The MacLamity

The News That Stays News, Reported Live

Thursday, December 30, 2004

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There's more than one way that Iraq's beginning to look like Vietnam. It's not just how the vagueness of the mission becomes vaguer and vaguer as the human costs become clearer and clearer. It's also that it's becoming the issue that artists are claiming to really be addressing. In the 60s, of course, every theater group worth its salt was somehow fighting Vietnam. Either they were putting on MacBird, or they'd put on docu-plays like the one satirized by Renata Adler, in which actors, having done some research which they spend most of the evening pointing out, 'imagine' a gay black soldier writing home. In the 80s and 90s the impulse that drives artists to prove once and for all that they're not useless drove theater groups to break down the boundaries and question our categories. Moises Kaufman did this very well with 'The Three Trials of Oscar Wilde' and with crippling earnestness in 'The Laramie Project." But, in general, all artists would claim that they were fighting for the cause, whatever they did, and whatever the cause happened to be.

Now, Tim Robbins is carrying on in the serious-issue-unfunny-satire tradition laud down by 'MacBird.' 'Cage Prisoners' and David Hare's 'Stuff Happens' are the Iraq equivalents of 'Laramie.' And, finally, here's the proof that every one in the arts, no matter what they do, is trying to show that what they do is all about struggle against the occupation of Iraq:
The American critic B Ruby Rich offers a suggestive thesis that ascribes the decline of Europhilic cineasm in her country not to the rise of late-1970s blockbuster movies or to the emergence of home VCRs, but to the linguistic exceptionalism of those who during the 1980s passed bills that banned the spending of public funds on languages other than English. The result is that film companies, like telecom companies ordering their Asian call-centre workers to neutralise their accents, now go to great lengths to disguise the foreignness of their products: trailers are purely imagistic or completely voiced over. Rich, describing subtitles as "an incipient anti-war gesture", says that she would like to think that "it's harder to kill people when you hear their voices. It's harder to bomb a country when you've seen their cities in films that you've loved."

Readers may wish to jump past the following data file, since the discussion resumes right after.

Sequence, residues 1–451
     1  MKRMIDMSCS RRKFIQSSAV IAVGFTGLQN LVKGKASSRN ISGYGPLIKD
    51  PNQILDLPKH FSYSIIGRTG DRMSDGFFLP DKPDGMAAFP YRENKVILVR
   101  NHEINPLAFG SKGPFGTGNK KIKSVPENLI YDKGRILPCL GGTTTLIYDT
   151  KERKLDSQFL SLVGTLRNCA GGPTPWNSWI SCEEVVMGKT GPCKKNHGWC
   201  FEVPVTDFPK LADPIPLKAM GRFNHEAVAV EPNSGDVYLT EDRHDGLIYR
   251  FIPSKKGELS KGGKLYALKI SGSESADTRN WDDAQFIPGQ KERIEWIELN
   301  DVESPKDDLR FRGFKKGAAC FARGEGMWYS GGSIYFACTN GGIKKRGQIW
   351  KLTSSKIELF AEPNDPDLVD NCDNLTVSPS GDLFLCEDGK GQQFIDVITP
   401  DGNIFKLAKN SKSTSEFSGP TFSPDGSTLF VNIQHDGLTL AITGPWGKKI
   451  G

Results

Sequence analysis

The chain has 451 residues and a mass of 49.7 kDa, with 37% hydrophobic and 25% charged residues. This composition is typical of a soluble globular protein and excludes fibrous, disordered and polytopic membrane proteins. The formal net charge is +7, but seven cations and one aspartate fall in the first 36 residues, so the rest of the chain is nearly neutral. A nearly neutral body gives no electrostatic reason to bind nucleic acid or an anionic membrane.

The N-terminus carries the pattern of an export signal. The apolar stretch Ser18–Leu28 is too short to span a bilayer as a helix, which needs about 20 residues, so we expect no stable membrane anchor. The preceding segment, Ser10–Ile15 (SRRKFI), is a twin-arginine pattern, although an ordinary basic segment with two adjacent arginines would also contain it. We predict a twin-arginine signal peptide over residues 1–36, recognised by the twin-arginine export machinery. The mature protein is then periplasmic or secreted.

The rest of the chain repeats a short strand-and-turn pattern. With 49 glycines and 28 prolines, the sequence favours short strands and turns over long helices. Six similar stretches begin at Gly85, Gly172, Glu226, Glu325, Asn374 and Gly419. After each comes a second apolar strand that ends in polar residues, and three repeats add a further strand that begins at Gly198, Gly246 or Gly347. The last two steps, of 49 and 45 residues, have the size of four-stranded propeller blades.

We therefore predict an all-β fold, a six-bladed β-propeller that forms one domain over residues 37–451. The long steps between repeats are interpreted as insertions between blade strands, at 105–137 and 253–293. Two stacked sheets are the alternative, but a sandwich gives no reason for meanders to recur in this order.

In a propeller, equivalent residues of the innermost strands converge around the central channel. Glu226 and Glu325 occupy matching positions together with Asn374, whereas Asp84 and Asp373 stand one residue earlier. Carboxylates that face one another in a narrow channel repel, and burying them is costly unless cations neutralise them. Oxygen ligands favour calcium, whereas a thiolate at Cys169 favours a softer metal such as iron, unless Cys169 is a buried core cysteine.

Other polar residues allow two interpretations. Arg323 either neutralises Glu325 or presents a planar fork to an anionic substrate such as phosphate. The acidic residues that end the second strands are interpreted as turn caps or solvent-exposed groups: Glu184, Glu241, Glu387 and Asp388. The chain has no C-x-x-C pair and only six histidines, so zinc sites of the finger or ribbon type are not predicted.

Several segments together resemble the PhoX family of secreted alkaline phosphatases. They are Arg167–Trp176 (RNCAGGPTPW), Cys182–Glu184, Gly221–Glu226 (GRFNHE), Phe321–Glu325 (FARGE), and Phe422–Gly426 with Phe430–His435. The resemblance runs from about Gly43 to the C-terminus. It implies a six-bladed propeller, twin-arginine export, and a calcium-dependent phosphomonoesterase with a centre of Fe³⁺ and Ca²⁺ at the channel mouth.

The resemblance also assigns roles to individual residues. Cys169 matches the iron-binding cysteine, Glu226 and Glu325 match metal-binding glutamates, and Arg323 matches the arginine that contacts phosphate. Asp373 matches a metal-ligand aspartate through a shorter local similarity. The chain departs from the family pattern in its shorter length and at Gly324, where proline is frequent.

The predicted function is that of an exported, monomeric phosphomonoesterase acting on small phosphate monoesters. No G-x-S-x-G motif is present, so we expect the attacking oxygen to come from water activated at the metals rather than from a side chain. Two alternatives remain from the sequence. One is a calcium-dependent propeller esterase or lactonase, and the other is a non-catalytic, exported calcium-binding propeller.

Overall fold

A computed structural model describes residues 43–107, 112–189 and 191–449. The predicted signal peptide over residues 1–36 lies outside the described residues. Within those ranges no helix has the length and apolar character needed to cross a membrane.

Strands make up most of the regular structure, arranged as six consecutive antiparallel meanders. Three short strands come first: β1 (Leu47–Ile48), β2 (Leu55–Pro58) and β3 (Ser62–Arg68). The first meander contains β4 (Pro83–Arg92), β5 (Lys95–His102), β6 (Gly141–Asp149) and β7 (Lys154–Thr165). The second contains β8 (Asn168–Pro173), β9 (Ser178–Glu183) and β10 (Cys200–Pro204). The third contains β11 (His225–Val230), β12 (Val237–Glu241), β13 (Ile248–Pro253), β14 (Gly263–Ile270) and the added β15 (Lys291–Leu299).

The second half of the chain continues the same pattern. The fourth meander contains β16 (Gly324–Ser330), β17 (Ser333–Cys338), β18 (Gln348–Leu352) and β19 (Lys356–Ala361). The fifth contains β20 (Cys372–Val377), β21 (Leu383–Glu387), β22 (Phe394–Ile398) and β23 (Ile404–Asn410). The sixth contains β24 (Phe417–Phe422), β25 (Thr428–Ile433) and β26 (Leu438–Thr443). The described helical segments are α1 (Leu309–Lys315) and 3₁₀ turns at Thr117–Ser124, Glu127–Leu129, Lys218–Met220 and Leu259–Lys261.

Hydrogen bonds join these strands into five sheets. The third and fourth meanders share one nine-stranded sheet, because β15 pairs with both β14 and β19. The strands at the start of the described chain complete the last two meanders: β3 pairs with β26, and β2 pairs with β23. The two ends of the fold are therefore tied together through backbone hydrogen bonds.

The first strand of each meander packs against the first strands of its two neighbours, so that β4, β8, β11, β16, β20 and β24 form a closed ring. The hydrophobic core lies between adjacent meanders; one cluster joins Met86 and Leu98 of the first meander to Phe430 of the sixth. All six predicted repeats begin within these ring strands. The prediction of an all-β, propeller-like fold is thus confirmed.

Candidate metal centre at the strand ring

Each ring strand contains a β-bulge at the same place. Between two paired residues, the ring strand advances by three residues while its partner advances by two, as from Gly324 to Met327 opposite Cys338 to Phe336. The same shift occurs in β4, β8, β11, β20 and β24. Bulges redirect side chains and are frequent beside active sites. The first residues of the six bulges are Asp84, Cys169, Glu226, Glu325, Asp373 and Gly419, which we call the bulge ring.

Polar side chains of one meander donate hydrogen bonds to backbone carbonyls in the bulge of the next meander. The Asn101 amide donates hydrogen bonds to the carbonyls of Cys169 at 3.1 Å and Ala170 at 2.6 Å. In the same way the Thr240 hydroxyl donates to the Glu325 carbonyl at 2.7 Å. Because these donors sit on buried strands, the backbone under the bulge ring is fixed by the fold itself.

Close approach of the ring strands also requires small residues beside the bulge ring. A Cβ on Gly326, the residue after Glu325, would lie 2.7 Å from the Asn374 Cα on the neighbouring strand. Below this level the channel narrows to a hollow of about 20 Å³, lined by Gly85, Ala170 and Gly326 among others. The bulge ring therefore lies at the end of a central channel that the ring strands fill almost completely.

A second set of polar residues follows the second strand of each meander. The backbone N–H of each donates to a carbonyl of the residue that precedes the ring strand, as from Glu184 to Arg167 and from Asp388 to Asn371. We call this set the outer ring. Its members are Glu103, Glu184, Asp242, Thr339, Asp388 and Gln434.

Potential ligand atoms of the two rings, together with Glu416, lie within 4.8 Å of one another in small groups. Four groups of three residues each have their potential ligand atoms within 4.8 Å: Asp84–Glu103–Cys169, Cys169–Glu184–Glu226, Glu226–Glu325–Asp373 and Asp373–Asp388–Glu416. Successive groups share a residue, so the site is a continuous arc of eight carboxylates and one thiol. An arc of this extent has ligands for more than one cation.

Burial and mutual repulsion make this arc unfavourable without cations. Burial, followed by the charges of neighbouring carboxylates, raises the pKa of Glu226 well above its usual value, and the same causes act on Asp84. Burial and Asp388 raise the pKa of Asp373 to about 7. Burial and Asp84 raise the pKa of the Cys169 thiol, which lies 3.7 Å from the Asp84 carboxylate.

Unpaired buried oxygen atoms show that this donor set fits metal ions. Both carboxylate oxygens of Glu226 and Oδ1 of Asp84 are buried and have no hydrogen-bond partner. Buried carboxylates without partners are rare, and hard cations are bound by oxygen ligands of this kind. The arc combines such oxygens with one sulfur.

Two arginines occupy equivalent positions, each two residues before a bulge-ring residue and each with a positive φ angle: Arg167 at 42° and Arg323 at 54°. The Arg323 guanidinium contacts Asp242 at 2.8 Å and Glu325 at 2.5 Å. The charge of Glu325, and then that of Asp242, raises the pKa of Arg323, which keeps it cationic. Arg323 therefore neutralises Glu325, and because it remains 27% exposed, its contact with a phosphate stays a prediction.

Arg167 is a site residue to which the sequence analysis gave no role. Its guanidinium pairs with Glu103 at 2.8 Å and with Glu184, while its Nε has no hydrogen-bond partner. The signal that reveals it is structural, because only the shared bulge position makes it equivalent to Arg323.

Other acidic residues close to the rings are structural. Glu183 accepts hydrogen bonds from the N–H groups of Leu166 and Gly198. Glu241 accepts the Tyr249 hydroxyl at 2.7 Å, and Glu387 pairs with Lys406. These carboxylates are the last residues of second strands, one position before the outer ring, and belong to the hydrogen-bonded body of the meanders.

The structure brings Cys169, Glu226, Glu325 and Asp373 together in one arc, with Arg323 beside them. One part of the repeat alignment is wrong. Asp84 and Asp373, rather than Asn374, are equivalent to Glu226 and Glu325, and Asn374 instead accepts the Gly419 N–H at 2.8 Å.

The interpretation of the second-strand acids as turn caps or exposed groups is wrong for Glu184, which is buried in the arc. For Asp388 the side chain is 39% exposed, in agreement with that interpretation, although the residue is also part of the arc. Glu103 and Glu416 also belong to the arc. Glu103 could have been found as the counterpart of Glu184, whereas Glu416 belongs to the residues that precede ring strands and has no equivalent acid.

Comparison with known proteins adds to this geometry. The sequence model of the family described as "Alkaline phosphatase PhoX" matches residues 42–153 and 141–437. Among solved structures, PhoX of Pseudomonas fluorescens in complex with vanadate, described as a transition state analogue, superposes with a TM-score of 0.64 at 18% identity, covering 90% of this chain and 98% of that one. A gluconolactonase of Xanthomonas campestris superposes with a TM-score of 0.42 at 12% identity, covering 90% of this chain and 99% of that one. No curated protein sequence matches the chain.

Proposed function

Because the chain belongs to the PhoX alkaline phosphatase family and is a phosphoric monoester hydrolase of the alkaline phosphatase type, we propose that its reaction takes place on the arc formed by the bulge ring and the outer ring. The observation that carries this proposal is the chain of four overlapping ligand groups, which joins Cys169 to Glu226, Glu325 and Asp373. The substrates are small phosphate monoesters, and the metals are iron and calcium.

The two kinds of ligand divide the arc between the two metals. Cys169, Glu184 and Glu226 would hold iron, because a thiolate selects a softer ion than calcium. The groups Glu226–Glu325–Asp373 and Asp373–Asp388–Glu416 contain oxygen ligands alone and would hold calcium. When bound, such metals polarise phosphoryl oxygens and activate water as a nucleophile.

So, that's what subtitles are all about. In the 90s they'd have been all about fragmenting the apparent solidity of the spoken word, and undermining the authority of monolinguism with the carnival of simultaneity that is Babel.

Wednesday, December 29, 2004

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What does this man take us for? Idiots. Patently, all lies.

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An outrageous howler, in an otherwise decent article, in Slate: "The euro zone has been expanding with the addition of new countries and the continued integration between Eastern and Western Europe. So there are simply more people who accept and use euros now."

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When will scientists learn to think before they express with great enthusiasm an idea that scares the shit out of everyone? "However, those who drank alcohol remembered twice as many images seen at the beginning of the experiment, before they drank, as did the control group. It followed that they remembered only half as many of the images they saw while they were inebriated and the control group were still sober. The Portman Group sees some hope in the suggestion that a form of aversion therapy, akin to the “Clockwork Orange effect”, might help to curb binge-drinking." (From The Times) In this case, the scientist should have known that what he was suggesting would scare the shit out of everyone, because he'd apparently seen the movie which had made the Aversion Therapy almost as frightening as being old and having the shit beaten out of you by teenagers in masks.

Tuesday, December 28, 2004

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Small but cute gaffe by a British journalist: "Slate was best known for being one of the first online magazines to attract big-name writers and journalists from the print world. It was edited for six years, until 2002, by Michael Kinsley, the former New Republic, Harper's & Queen and Washington Monthly journalist." Hard to imagine two magazines more different than Harper's and Harper's & Queen, yet when I was in Journalism school, the apparent intellectual prestige that Americans accorded a fashion-and-homewear magazine astonished me. Just shows how into magazines I was at that point. Two years before I had had the following exchange: